Interviewer: What would you say are some of the common misconceptions that people have about domestic violence cases?
Paul Tafelski: The biggest one is when they hear the words “domestic violence,” they immediately think of a husband beating the daylights out of his wife. That’s the stigma that goes along with it, which is part of the reason why people should and do take it seriously when they’re charged with it and trying to make sure that they beat the case, because that’s what people picture in their minds. However, the reality is that probably two-thirds of these cases result from someone either just being pushed or grabbing someone and stopping them from leaving, or maybe one slap with an open hand, or some kind of scratch. Just really minor physical confrontations do technically satisfy the elements of the crime and lead to people being prosecuted.
Interviewer: Have you seen cases where it’s not always the typical scenario where people always kind of think that idea where it’s a male abusing or beating on a wife? Have you see unique situations where it’s not that typical scenario?
Paul Tafelski: Oh, yeah. Absolutely. That’s probably still the most common scenario where it’s the husband being prosecuted. It’s very uncommon for it to be a situation where the husband was actually beating on the wife, like you said, but still the husbands are prosecuted more often than the wives. But we’ve seen many cases where the wife is the one who’s accused. We’ve seen cases where the parent did something to a kid. We’ve seen cases where the kid did something to the parent. You see it all. You see even grandmas and grandpas getting involved in some of these cases.
It’s like anywhere where you could have a family that’s getting in a big, heated fight, it could cross the line into domestic violence. All of that is pretty common. Every case is just a little bit different than the last one. Split the fence, they have a lot of similarities. You really want an attorney who’s going to look at your case in a unique way and try to figure out what is unique about your case and how can they convince the prosecutor. How can I convince the court that they really don’t have to worry about me? That’s the bottom line. The better you can do that, the better the outcome is going to be.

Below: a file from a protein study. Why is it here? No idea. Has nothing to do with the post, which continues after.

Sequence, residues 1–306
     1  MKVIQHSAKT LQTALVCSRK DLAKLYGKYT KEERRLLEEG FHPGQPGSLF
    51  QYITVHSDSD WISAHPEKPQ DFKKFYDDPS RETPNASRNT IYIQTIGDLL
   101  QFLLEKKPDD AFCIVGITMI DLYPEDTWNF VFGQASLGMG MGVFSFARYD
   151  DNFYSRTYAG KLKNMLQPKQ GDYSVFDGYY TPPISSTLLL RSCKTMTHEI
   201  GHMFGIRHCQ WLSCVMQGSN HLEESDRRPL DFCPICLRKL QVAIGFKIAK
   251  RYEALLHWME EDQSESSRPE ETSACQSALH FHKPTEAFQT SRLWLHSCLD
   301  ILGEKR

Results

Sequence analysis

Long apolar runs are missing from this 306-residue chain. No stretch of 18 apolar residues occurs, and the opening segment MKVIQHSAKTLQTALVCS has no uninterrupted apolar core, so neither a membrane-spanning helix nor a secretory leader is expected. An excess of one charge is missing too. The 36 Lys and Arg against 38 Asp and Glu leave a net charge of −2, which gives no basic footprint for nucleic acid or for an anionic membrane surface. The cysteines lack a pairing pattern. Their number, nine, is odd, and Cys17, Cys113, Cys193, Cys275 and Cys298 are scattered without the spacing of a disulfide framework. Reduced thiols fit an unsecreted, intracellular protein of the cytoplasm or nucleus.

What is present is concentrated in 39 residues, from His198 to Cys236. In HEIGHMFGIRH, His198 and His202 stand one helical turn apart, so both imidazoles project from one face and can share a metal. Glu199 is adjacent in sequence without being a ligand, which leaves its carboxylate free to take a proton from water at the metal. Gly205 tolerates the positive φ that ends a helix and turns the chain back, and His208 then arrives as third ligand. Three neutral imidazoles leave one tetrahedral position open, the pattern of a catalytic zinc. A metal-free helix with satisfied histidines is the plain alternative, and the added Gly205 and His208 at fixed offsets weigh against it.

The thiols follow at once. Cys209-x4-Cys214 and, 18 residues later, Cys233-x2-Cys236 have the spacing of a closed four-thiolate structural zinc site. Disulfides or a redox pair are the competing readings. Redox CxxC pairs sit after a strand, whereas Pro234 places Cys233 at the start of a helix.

Typical Clients & Scenarios
Interviewer: Is there a typical age for the accused or the victim in cases like these?
Paul Tafelski: No, not really. You see them with young boyfriend and girlfriends. You see them with long-time married couples that have been going through stress. Oftentimes they don’t even really have too many marital problems. It’s just a situation where one or both people may have been drinking too much one night and then that got into an argument that turned physical, which led to the charge.
Common Client Mistakes
Interviewer: What are some of the mistakes that you’ve experienced that you’ve seen clients make during the process that they may not know of, that they’re unaware of?
Paul Tafelski: First of all, the biggest mistake people make is making statements to the police when the incident was very minor. They’ll make statements where they might admit something that they don’t think is admitting very much but it actually satisfies one of the elements of the crime that the prosecutor has to prove. That’s the first mistake that people make, but usually by the time they reach me it’s too late to fix that. You have to deal with it.
The other mistake that I’ve seen people make is in the situation where the case was relatively minor, they might just want to go into court and plead guilty to the domestic violence case, thinking that the judge will recognize that it was minor and really do nothing about it: give them a fine, and send them on their way. Nothing could be further from the truth. The judges in the district courts like Troy and Rochester Hills and Bloomfield Hills, Royal Oak, Novi, Plymouth, those places – they all take these cases very seriously. People in their own minds think that they pled to something that was no big deal, but in the courtside it was. They never took the time to really protect themselves.
Another thing that I’ve seen done before that is a mistake is if the case is more serious, the client just feels very guilty and ashamed of themselves, and so they do the same thing. They’ll take the approach of just trying to plead guilty because they feel like they did wrong and they deserve the punishment. In the meantime, they still might have had the opportunity to keep it off their record or at least present themselves in a better light to the court so that they don’t get slammed with the maximum type of punishment. Because, generally, at some point they regret those kinds of decisions even if at the time they feel like it’s the right thing to do.
Overall, it’s basically that the mistakes kind of boil down to putting too much blind trust in the system to look after you when the system has their own concerns and their own political realities that they have to deal with that are not in line with your interests.